This approach, of course, is nothing new--wars and revolu-
tions, portrayed in a film, have always been displayed as personal
experience for a handful of characters. The whole genre of World
War II and Korean War action films always had an Audie Murphy
or Jimmy Stewart or John Wayne through which and to which
the effects of the war were interpreted.
But Pontecorvo does his individualizing in anonymous terms.
There are leading characters who serve as vehicles for the tense
tight, narrative; but the real be-all of the two-year segment of the
battle 'that is featured is shown in the nameless, unidentifiable
side characters: the one-shot terrorists who murder with a weapon
concealed in a handbag; the terrified bystanders who witness the
invasion of Algiers' Arab quarter; the young French soldiers who
torture terrorists with expressionless, placid eyes, not savage or
6adistic, simply passive, doing a job.
The resulting image is remarkable. Pontecorvo's painstaking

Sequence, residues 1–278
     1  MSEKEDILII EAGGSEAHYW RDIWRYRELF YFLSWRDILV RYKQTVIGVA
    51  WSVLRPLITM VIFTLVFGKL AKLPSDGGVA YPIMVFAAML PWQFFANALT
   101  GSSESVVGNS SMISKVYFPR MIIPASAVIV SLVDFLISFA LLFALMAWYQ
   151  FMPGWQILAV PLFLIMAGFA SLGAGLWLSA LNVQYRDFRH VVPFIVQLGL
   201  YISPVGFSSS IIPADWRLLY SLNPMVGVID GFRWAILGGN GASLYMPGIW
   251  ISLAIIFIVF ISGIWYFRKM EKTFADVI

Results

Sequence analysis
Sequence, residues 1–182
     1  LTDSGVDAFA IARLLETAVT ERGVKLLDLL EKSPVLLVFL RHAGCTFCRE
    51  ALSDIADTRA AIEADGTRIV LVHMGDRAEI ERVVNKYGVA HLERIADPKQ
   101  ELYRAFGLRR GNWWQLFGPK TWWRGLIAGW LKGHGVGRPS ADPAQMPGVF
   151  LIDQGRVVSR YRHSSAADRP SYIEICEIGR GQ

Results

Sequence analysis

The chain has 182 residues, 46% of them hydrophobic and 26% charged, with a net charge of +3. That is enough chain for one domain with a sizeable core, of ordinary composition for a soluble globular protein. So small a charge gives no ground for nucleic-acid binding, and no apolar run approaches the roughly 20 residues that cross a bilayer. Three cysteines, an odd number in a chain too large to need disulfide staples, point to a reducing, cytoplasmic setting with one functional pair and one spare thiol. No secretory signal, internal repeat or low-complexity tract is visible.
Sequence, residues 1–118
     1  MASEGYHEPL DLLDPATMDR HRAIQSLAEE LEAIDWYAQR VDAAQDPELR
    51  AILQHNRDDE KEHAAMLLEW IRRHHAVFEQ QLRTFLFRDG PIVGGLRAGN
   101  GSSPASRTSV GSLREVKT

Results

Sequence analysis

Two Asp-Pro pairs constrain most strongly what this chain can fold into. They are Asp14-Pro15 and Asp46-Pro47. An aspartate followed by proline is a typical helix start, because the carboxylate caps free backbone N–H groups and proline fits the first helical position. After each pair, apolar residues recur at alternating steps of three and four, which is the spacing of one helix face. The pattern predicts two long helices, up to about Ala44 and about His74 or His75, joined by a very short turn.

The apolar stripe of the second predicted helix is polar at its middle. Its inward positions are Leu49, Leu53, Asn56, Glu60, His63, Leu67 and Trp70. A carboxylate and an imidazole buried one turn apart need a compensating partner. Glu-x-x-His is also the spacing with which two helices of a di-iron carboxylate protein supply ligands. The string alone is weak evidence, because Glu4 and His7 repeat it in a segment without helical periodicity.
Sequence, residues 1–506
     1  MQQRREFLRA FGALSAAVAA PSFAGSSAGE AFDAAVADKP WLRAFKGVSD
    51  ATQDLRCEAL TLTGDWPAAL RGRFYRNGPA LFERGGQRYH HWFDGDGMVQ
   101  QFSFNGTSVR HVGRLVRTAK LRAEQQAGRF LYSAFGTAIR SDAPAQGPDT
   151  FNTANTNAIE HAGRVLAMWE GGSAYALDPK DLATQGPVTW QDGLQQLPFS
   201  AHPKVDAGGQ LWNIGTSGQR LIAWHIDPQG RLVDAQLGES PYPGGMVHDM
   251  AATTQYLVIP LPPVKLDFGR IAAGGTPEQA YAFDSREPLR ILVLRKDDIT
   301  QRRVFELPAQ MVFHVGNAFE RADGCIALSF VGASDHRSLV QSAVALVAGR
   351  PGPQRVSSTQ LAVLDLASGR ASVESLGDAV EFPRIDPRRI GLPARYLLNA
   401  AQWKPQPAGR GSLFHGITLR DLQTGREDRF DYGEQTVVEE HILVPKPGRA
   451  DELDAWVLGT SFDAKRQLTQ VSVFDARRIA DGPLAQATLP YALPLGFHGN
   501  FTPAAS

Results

reconstruction of massive rioting (the credits boast that no news-
reel footage was used at any point of the film) shows an excruciat-
ingly close attention to the detail etched in each person's face
without becoming possessed and obsessed in the process. These
people emote like few I have seen before in a film.
It should be mentioned, too, that those "main" characters -
the three or four who develop specific personalities and maintain
them as they participate in the length of the film-are humans, not
heroes. Particularly worth note are Ali-la-Pointe, the last of the
NILF General Staff to be captured, and Lt. Col. Philippe Mathieu,
leader of the French forces sent to squash the rebellion.

Dial
5-6290

I

PUL N B
just bugs the Establishment as
COOL HaND EHKE
TECHNICOLOR® PANAVISIONO
n ANP
AUDREY
HEPBURN
ALAN
ARKIN-
RICHARD
CRENNA T rv,
WIT UNTIL 2

I

. ISAVA AS RIPTORN
wrl'soL MADID'
41 HINGLK AU AMS.,dICARDO MONTABA
pe. djwb e e PANAISION
Mrtore Audiences AIKA? AI[J 8M IJNMERCIO MGM
2:50-6:15-9:35

sorringEFREM ZIMBALIST, JR.
* TECHNICOLOR" FROM WARNER BROS.-SEVEN ARTSV
SCHEDULE OF PERFORMANCES
COOL HAND LUKE at 1:20-5:25-9:30
WAITUNTIL DARK of3:10 and 7:15 only

Sam Jaffe -Silvia Pinal -Jorge Martinez De Hoyos Jose Chavez
and Jaime Fernandez James R. Webb
1:00-4:20-7:45
FRANSCOPE and METROCOLQO. MGM

. r. _ _ _ __ _.___ _. _.w, _ ._______ _____.
. .. _._...._.v _ _,......._..__.__ .. _. _._... _ . __ ..._ ___. _ __,...... _. ... _ , .w__ __._ _. _. . _....__..__. , _ _ _ t t - - __ ___.__ . _ __

Space prohibits more being
much, much more.
Simply, it should be seen.
3020 Washtenaw, Ph. 434-1782
Between Ypsilanti and Ann Arbor
killer

said about this film, but there is

CINEMA'GUILD

4